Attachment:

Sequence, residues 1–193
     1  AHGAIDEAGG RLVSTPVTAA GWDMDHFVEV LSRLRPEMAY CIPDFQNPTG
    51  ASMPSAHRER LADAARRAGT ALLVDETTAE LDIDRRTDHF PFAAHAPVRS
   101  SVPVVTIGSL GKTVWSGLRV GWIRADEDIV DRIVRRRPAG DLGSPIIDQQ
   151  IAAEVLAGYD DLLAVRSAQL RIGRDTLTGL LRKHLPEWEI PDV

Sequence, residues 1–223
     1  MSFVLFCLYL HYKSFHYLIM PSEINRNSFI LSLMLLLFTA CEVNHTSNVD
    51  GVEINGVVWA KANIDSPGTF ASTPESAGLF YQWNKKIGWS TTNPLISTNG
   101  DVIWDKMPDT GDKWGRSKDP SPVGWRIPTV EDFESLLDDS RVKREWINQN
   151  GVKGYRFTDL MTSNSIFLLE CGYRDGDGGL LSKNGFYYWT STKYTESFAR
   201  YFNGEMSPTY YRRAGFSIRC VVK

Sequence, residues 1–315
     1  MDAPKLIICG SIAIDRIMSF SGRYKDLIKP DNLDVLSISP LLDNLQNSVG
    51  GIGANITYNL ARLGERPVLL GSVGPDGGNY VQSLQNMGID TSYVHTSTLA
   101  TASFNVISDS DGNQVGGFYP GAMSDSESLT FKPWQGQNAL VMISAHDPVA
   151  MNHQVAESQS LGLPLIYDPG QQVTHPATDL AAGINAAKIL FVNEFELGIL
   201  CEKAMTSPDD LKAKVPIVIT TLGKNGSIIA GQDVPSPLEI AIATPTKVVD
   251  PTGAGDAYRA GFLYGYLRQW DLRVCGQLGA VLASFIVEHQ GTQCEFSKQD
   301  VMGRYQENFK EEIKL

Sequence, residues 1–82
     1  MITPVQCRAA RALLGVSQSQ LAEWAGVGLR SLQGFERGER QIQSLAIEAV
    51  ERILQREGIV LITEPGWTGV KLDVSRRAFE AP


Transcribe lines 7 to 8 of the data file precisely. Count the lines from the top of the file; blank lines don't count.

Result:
     1  MSFVLFCLYL HYKSFHYLIM PSEINRNSFI LSLMLLLFTA CEVNHTSNVD
    51  GVEINGVVWA KANIDSPGTF ASTPESAGLF YQWNKKIGWS TTNPLISTNG